Black History Facts
Dred Scott Case, argued before the U.S. Supreme Court in 1856–57. It involved the then bitterly contested issue of the status of slavery in the federal territories. In 1834, his master took Dred Scott, a black slave, personal servant to Dr. John Emerson, a U.S. army surgeon, from Missouri, a slave state, to Illinois, a free state, and thence to Fort Snelling (now in Minnesota) in Wisconsin Territory, where slavery was prohibited by the Missouri Compromise. There he married before returning with Dr. Emerson to Missouri in 1838. After Emerson's death, Scott sued (1846) Emerson's widow for freedom for himself and his family (he had two children) on the ground that residence in a free state and then in a free territory had ended his bondage.
He won his suit before a lower court in St. Louis, but the Missouri Supreme Court reversed the decision (thus reversing its own precedents). Scott's lawyers then maneuvered the case into the federal courts.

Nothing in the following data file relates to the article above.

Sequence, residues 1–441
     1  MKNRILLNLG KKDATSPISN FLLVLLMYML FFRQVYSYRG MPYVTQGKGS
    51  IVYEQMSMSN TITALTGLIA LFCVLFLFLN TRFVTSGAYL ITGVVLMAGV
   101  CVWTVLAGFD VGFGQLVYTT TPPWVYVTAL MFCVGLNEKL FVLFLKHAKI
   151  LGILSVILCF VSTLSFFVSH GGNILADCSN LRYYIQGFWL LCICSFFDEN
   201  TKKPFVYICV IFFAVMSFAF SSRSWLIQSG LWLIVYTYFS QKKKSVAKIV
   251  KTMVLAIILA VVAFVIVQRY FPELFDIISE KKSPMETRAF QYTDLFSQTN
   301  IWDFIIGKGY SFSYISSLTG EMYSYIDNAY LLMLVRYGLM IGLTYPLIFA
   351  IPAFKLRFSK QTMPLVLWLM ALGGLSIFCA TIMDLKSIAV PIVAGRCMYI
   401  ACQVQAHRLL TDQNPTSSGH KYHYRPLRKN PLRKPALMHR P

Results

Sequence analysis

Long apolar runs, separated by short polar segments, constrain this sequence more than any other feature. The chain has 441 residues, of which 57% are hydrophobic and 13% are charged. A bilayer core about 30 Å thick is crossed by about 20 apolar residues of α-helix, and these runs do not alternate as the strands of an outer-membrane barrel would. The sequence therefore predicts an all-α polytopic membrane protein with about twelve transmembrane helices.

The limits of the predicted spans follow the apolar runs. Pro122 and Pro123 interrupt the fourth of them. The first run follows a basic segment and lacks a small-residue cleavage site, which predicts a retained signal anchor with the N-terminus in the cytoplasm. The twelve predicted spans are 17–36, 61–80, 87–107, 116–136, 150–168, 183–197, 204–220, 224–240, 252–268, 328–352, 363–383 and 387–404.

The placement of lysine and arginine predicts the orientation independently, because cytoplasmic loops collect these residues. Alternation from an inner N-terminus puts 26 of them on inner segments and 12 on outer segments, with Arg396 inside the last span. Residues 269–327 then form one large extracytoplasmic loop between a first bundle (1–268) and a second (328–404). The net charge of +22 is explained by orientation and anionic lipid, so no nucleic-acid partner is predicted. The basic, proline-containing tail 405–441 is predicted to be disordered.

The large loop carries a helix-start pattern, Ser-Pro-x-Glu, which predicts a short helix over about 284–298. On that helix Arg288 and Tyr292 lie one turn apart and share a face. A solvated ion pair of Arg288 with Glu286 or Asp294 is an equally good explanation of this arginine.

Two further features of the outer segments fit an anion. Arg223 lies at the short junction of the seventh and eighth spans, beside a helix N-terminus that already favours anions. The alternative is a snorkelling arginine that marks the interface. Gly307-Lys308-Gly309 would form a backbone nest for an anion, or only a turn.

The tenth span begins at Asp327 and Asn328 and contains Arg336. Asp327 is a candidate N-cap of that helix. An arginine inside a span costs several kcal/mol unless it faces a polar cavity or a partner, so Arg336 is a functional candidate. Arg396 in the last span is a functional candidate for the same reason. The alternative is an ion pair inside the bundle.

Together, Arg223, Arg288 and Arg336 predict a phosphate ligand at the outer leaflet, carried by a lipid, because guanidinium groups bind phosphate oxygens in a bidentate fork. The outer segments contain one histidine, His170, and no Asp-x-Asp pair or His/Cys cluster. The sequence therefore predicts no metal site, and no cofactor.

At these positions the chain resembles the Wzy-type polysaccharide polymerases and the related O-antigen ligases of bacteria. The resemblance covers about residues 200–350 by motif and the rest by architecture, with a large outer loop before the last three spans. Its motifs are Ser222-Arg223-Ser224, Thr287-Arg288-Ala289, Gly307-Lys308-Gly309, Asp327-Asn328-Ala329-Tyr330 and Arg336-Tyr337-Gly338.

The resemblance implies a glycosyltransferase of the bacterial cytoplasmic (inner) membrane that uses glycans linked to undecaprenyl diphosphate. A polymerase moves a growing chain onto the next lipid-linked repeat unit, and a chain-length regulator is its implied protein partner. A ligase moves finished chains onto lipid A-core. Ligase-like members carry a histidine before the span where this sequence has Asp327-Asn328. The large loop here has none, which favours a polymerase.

Since J. F. A. Sanford, Mrs. Emerson's brother, was the legal administrator of her property and a resident of New York, the federal court accepted jurisdiction for the case on the basis of diversity of state citizenship.
After a federal district court decided against Scott, the case came on appeal to the Supreme Court. In Feb., 1857, the court decided in conference to avoid completely the question of the constitutionality of the Missouri Compromise and to rule against Scott on the ground that under Missouri law as now interpreted by the supreme court of that state he remained a slave despite his previous residence in free territory.
Three of the justices also held that a black "whose ancestors were … sold as slaves" was not entitled to the rights of a federal citizen and therefore had no standing in court. The court's verdict further inflamed the sectional controversy between North and South and was roundly denounced by the growing antislavery group in the North. #shopblack #blackhistorymonth #february #blackhistoryfacts #blackhistoryfactseries2017